In Vancouver, you can have a Pakistani engineer drive your cab down Georgia Street. Or a Punjabi lawyer pump your gas at the Shell on Granville and 71st. A Syrian nurse could be outfitting your shoes in a store on Robson. A Korean architect could be handing you your groceries at the H-Mart by Seymour.
So who knows what that Filipino serving you coffee at Tim Horton’s used to be? Who knows what his can’t is?
Emmanuel knows just how you like it — dark roast, two sugars, no cream. Of course he would know. You see each other five days a week, at nine in the morning, 12 at noon and six at night.
You smile at him and he smiles back. You ask him about his kids and he asks you about yours.
Hay nako, my daughter is seeing this boy — I don’t like him very much.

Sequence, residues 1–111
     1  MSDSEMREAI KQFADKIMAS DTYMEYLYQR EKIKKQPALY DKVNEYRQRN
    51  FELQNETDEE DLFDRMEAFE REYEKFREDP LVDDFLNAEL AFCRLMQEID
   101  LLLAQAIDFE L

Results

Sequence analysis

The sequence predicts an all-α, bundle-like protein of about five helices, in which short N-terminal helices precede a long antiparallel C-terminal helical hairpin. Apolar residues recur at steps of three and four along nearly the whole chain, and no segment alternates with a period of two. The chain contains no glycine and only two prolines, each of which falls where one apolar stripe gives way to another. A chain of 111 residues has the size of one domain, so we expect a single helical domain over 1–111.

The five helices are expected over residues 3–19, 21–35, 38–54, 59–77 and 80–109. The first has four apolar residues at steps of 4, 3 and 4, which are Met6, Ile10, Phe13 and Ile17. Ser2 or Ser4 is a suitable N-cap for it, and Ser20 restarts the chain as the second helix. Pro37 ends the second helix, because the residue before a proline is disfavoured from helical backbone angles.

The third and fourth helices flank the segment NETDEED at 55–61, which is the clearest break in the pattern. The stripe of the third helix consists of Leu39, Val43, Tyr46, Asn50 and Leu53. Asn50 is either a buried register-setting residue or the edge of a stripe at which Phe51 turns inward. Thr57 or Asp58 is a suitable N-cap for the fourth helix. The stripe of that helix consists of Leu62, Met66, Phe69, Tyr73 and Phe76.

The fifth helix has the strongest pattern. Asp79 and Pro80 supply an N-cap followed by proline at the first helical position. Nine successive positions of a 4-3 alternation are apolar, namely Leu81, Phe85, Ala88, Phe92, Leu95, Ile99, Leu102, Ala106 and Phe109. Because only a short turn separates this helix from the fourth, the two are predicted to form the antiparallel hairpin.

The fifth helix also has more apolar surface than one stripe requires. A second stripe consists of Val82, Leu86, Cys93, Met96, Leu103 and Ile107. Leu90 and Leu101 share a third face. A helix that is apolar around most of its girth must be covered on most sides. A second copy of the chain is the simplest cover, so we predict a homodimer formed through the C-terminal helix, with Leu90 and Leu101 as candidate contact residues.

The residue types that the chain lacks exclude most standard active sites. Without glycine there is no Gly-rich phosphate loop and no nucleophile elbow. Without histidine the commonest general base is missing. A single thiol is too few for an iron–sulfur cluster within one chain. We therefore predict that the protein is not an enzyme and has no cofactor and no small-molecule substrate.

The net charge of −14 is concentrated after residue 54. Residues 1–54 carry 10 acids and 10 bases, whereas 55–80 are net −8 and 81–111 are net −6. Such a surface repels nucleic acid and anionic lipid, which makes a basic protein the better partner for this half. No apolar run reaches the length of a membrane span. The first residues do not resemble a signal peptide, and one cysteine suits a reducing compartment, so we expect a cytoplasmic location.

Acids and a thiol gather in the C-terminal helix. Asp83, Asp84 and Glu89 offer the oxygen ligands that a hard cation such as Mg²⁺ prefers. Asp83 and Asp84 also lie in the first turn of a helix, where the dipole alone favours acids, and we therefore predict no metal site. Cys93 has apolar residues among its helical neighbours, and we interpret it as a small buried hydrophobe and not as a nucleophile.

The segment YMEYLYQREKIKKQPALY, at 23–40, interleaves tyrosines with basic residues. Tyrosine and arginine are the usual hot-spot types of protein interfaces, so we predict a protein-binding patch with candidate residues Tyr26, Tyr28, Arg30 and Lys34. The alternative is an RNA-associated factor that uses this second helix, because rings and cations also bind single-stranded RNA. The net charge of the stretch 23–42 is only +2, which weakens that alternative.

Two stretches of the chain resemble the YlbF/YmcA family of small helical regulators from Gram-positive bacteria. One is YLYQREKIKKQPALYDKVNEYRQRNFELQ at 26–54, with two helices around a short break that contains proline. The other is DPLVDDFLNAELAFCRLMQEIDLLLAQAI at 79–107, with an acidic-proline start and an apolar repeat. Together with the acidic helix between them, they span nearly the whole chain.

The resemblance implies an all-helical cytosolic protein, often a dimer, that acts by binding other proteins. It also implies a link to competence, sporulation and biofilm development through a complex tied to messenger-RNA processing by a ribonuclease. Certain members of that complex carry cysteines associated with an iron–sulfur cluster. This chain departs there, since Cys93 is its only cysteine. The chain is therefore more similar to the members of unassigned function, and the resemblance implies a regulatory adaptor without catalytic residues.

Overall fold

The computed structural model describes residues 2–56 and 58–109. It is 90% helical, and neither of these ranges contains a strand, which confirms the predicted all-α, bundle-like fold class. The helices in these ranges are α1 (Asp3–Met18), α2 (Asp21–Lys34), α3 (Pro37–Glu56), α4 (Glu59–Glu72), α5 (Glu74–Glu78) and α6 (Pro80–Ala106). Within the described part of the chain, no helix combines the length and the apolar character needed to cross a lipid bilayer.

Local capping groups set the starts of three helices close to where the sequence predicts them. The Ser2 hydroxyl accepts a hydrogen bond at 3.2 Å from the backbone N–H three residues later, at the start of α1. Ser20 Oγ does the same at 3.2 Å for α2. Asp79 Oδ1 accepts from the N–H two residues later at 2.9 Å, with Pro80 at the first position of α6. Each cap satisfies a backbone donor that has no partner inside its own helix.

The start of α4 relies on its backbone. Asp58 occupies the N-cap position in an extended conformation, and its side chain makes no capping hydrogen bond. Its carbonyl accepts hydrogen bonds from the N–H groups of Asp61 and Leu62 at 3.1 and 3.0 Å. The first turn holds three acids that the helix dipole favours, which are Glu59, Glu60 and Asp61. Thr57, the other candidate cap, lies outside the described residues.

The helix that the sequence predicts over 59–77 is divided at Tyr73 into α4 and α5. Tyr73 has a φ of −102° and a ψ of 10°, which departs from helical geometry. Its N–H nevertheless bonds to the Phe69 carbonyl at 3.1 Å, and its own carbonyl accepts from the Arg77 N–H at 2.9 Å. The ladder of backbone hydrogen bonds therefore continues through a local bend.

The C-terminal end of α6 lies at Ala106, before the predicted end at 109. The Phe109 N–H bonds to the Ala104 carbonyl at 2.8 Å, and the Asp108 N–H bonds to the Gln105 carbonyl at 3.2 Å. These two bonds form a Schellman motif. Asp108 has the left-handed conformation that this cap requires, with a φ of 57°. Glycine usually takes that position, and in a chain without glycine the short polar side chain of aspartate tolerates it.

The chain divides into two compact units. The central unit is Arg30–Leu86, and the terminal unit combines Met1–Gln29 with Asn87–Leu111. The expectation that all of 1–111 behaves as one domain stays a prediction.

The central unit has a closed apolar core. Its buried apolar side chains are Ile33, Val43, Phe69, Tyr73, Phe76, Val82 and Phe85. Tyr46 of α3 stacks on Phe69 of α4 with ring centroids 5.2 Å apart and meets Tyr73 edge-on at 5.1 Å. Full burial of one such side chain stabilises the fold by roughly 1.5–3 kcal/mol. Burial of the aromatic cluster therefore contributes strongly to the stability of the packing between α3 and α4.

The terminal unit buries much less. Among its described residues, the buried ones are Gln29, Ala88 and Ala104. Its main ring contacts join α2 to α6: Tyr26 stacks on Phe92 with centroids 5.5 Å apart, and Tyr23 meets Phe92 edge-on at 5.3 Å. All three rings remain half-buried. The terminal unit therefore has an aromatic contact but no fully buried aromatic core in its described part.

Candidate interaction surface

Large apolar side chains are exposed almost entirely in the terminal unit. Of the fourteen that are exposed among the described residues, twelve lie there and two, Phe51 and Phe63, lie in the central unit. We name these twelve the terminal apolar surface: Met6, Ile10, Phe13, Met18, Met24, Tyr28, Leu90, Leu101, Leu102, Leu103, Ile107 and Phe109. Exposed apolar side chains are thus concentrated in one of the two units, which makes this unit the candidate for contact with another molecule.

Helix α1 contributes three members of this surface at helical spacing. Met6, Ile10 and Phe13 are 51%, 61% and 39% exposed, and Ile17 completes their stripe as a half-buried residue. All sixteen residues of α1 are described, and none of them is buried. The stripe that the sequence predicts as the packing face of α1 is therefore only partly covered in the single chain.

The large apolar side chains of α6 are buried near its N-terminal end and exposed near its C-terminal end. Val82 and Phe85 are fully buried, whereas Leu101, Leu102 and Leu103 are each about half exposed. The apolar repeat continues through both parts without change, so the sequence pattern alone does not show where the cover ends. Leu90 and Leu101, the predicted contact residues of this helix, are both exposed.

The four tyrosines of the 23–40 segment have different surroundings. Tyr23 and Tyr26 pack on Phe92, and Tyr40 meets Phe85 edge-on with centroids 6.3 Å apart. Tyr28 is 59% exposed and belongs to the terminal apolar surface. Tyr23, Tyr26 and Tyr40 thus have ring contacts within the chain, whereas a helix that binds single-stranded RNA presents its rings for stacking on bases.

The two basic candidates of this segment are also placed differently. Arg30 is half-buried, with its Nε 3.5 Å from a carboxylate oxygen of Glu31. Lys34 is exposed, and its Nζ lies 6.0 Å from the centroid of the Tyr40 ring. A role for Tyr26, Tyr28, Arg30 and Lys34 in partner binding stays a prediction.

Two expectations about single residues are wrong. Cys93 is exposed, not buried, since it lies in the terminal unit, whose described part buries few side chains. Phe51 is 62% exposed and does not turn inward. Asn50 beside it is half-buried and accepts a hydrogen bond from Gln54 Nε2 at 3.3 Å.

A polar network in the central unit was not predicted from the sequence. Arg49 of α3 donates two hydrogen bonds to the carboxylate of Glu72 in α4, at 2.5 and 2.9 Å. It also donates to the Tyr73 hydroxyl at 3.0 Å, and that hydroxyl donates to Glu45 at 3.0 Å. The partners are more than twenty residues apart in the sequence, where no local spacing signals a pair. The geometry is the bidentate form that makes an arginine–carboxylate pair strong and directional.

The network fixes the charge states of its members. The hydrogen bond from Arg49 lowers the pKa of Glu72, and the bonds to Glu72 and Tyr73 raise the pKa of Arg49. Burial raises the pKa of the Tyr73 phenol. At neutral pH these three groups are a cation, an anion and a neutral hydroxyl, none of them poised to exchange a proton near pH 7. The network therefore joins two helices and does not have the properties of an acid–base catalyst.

He seems innocent enough. He seems like a likeable guy. But lately you’ve been having mixed feelings about him.
You’ve seen in it The Vancouver Sun. You’ve seen it on CBC. It’s an acronym. Three letters that are starting to tattoo themselves on the forehead of every ethnic-looking worker you see.
TFW. Temporary Foreign Worker.
You’ve heard so many whispers ever since you’ve heard that phrase. From your friends. Your family. Even from yourself.
Are they taking our jobs? Are they driving wages lower? Will there be a place for my kids to work in this country? Why are they here? Why can’t they find work where they came from?